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Monday, 10 February, 2003, 08:33 GMT
Oil-stricken birds come to UK
RSPCA workers rescue an oily bird
Hundreds of oiled birds are coming to the UK
About 300 oil-stricken birds have been arriving in the UK by train after being rescued from slicks which threatens the coast of Belgium.

The birds are being taken to wildlife hospitals in Norfolk, the South West and the North West.

The RSPCA said more than 7,000 birds had been affected by oil along the country's coastline, which is thought to have come from ships illegally dumping fuel in the English Channel.

Many may have fallen victim to oil which spilled from the sunken car-carrier Tricolor after it was hit by a salvage tug nearly three weeks ago.

As soon as they ingest the oil they go into shock and if they are not helped they can die of hypothermia because the oil damages their natural insulation

RSPCA spokeswoman

Belgian authorities called on the RSPCA to help after struggling to cope with the influx of tarred birds, which have been pouring into rescue centres.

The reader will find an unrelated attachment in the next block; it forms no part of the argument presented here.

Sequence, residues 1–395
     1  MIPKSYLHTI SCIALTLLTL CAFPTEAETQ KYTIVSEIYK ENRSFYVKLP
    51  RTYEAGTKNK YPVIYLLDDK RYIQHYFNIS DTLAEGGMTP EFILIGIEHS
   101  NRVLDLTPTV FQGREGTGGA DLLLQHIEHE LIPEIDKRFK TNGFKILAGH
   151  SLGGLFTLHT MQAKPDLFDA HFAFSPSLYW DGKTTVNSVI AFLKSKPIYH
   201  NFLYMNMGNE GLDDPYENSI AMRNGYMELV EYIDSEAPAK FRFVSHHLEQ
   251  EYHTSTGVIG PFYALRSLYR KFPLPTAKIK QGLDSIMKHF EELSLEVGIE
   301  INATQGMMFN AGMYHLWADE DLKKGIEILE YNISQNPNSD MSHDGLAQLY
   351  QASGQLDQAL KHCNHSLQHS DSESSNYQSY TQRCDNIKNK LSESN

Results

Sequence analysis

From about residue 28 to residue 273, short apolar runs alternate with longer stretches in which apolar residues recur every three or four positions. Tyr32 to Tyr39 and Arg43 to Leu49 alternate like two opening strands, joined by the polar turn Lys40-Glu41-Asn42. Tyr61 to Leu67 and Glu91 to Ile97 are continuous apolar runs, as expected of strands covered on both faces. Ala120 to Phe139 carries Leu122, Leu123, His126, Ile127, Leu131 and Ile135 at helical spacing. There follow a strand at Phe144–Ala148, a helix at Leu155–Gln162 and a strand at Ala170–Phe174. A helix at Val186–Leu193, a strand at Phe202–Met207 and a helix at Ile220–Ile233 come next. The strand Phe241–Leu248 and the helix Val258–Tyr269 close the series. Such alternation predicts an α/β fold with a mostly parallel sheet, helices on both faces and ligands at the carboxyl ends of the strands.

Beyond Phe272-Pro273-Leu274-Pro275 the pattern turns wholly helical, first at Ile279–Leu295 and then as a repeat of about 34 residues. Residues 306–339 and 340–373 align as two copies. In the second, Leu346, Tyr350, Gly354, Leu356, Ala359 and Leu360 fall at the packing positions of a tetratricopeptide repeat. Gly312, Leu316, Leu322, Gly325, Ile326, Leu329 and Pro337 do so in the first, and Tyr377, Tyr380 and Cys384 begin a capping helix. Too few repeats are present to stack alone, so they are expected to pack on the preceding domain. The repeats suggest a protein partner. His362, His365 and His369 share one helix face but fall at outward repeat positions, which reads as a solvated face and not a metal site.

According to an RSPCA spokeswoman, the situation in Belgium is three times worse - in terms of the number of oil-stricken birds - than the fall-out from the Sea Empress oil spill in 1996.

She said the birds - mainly guillemots - were being taken through the Channel Tunnel on a Eurostar train from Calais to Folkestone in Kent.

Suffer shock

They were then being transferred to special clean-up centres around the country, she said.

"Some of them are going to our Norfolk wildlife hospital while others are going down to the West Country and others to the North West," she said.

"As soon as they ingest the oil they go into shock and if they are not helped they can die of hypothermia because the oil damages their natural insulation.

"Also they cannot eat because of the oil they have ingested."

She said the plan was to clean the birds and then release them along parts of the British coastline near to their normal migration routes.

See also:

05 Dec 02 | England
21 Nov 02 | England
21 Nov 02 | Europe
19 Nov 02 | Science/Nature
29 Oct 02 | England
15 Jan 02 | England
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